'The Shining' References In 'AHS: Hotel' Will Make You Really Want To Give Up Vacations Forever
There are what seems like an endless number of references that American Horror Story: Hotel has already poured all over us in the first few episodes of this season. You can't turn your head in any direction in the Hotel Cortez without catching sight of a straight up serial killer from history or someone that is at least based on one. After last week's episode, it's clear that the hotel has become a character in it's own right and the references to The Shining have been reaching out and practically punching us in the face.
Obviously when they announced the setting for the new season of American Horror Story, it immediately brought forth nostalgia bubbles filled with visions of the most horrifying hotels/motels/hostels in cinema history. Well, I am willing to bet my Starbucks card that The Shining was likely somewhere at the tippity top of everyone's lists. Not only is the movie a classic horror film, but it managed to scare people in a deep psychological way, which is something that American Horror Story has been in the business of achieving to near perfection for four seasons now.
Since The Shining seems to be deeply rooted in the Hotel Cortez, let's take a look at the references to the classic film thus far. Remember, we are only two episodes in and I am sure there will be more allusions to come.
1. The Carpet
I mean, this is a straight up homage that basically sits in your lap. The iconic carpet from The Shining is almost exactly replicated in the Hotel Cortez. Immediately, it brings you straight back to the claustrophobic Overlook Hotel.
2. Creepy Kids, Man
One of the newer things we were introduced to in American Horror Story: Hotel is the slew of creepy children that are crawling out of every nook and cranny of the place. I think everyone with a brain stem can recall the two ghost girls, dressed identically in The Shining. Their creep factor was chilling and the identically dressed kids of AHS are definitely achieving that status as well.
3. The Significance Of Room #64
In The Shining, Room #237 (in the book it's actually #217) is where all of the unnerving things happen and that room is referenced many times throughout the film as a place you do not want to lay your head. In American Horror Story: Hotel, it's Room #64 that brings the unfortunate shenanigans and it's the room that Iris says they "never rent out." Both rooms are found to have some truly scary pasts attached to them. Room #237 in The Shining was the scene of a suicide and room #64 in AHS:Hotel was the dubious Mr. March's "office" where he killed many of his victims.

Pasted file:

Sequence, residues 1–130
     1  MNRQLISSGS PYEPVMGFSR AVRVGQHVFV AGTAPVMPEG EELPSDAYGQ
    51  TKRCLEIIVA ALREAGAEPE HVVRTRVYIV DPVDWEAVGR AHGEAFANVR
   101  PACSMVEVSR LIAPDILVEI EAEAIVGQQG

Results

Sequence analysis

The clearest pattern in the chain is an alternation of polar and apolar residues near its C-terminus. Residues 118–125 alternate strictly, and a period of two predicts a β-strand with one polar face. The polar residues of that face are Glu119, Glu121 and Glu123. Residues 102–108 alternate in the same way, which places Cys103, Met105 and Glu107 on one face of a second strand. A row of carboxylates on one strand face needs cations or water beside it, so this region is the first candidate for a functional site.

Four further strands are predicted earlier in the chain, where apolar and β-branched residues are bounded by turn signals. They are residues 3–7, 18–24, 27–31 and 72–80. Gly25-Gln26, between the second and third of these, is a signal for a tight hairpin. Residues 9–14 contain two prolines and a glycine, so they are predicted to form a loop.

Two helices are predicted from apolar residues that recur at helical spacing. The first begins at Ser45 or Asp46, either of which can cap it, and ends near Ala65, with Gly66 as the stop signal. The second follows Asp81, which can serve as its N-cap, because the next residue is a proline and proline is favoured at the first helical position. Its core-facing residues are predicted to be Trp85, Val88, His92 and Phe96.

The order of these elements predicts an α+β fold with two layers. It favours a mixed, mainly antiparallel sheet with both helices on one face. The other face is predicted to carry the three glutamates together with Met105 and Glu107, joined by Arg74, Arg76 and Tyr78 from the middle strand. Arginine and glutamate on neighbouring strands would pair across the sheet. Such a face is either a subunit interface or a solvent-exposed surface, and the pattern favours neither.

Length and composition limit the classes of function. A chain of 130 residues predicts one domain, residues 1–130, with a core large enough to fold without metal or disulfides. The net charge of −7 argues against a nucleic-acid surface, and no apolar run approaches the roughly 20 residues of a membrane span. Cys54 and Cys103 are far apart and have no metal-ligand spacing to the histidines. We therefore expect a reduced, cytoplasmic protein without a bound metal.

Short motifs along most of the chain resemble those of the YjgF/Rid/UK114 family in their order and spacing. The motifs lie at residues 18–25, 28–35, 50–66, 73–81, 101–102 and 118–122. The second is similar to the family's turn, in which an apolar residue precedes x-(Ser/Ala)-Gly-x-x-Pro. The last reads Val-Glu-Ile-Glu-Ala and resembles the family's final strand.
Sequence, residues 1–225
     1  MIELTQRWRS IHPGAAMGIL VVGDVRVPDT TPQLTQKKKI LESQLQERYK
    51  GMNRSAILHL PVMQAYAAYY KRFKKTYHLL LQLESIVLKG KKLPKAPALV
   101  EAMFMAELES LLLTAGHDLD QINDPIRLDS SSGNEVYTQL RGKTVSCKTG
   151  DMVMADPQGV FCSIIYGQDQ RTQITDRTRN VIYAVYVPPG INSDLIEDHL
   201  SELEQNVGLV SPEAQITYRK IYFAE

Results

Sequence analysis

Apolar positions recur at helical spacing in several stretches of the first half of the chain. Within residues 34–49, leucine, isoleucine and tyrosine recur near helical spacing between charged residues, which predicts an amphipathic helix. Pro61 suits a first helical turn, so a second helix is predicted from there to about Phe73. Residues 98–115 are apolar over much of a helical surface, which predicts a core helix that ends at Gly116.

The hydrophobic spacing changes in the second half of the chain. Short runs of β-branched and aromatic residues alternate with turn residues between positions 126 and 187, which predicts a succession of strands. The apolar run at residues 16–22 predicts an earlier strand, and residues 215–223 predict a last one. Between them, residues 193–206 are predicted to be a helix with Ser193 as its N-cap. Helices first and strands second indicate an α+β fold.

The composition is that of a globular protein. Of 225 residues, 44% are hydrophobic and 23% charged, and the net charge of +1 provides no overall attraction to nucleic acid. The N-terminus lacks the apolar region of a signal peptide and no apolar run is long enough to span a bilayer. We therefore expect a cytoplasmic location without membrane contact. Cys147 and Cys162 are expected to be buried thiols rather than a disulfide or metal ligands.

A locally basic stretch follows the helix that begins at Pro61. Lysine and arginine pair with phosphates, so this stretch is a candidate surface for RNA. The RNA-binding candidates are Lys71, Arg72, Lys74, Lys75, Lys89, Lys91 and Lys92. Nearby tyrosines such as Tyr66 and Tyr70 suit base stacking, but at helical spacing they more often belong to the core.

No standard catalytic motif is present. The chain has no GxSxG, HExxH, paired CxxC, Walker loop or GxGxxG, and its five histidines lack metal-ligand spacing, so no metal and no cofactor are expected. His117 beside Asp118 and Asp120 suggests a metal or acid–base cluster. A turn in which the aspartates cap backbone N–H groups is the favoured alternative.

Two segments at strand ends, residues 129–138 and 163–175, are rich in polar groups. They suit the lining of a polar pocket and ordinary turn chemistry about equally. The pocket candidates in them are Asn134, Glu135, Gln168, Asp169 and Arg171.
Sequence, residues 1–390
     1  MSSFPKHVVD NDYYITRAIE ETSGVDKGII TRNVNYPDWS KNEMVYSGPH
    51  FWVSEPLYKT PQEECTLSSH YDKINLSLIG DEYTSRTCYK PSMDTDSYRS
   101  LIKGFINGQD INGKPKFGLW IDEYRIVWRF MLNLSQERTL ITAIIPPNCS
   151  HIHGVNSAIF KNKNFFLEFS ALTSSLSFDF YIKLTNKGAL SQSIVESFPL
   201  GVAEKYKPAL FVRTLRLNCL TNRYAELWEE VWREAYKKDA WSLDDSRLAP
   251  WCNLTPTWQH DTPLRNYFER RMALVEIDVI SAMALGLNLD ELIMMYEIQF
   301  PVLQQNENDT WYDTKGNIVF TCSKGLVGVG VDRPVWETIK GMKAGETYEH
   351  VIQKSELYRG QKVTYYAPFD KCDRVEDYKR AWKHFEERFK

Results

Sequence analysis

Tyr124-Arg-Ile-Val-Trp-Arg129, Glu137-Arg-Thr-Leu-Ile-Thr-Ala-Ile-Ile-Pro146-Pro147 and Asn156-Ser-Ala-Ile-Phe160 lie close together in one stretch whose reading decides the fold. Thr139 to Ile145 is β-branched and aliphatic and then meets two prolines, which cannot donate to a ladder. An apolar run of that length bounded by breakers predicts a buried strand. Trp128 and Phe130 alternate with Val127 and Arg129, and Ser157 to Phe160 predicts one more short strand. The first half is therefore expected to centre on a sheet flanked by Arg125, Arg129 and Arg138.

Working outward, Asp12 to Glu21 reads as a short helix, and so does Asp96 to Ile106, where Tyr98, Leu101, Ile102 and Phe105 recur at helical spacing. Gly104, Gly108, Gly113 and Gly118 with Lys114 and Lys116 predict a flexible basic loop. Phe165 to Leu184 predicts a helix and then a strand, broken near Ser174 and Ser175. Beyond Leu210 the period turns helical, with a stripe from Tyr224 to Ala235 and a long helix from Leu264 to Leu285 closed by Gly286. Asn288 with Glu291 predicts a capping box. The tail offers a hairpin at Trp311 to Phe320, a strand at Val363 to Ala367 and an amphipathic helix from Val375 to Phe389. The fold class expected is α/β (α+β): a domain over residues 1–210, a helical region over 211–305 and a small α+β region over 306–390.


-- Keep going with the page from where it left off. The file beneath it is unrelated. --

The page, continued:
4. Extremely Loyal Maids
The story of The Shining was born from Stephen King's uneasy stay at the The Stanley Hotel in Colorado and much of the book/film is based off his experience there. He discovered that The Stanley once had a gas leak occur in room #217 which lead to an explosion that injured a chamber maid. The injured maid lived and ended up working for The Stanley as the head chambermaid until she died. But, guests say that she's still roaming the halls, folding clothing and tidying up like she did her entire life. If that's not loyalty then I don't know what is. Similar to this tale, American Horror Story: Hotel just let us in on the tragic story of Mr. March's maid, who faithfully cleaned up after his disgusting deeds (she just used love to scrub out those blood stains, y'all) until the very end when she asked him to kill her before he killed himself. Best friends.
5. The Bar Scenes
Both Detective Lowe from American Horror Story: Hotel and Jack Torrance from The Shining enter our lives as sober beings, living that sober life. The scene where Jack breaks his sobriety and is served a Bourbon by the ghostly bartender was directly alluded to in this week's AHS: Hotel episode. Detective Lowe is seduced into drinking at a creepy, almost empty bar while he listens to Iris tell the tale of Mr. March. Both men end up at these hotel bars where they end their commitment to sobriety and both men tell deeply tragic tales involving their own lives while doing so. The bar in AHS: Hotel even looked like The Gold Room bar from The Shining.
We're only two episodes in, and The Shining references are everywhere, so keep your eyes peeled for more as the season progresses!
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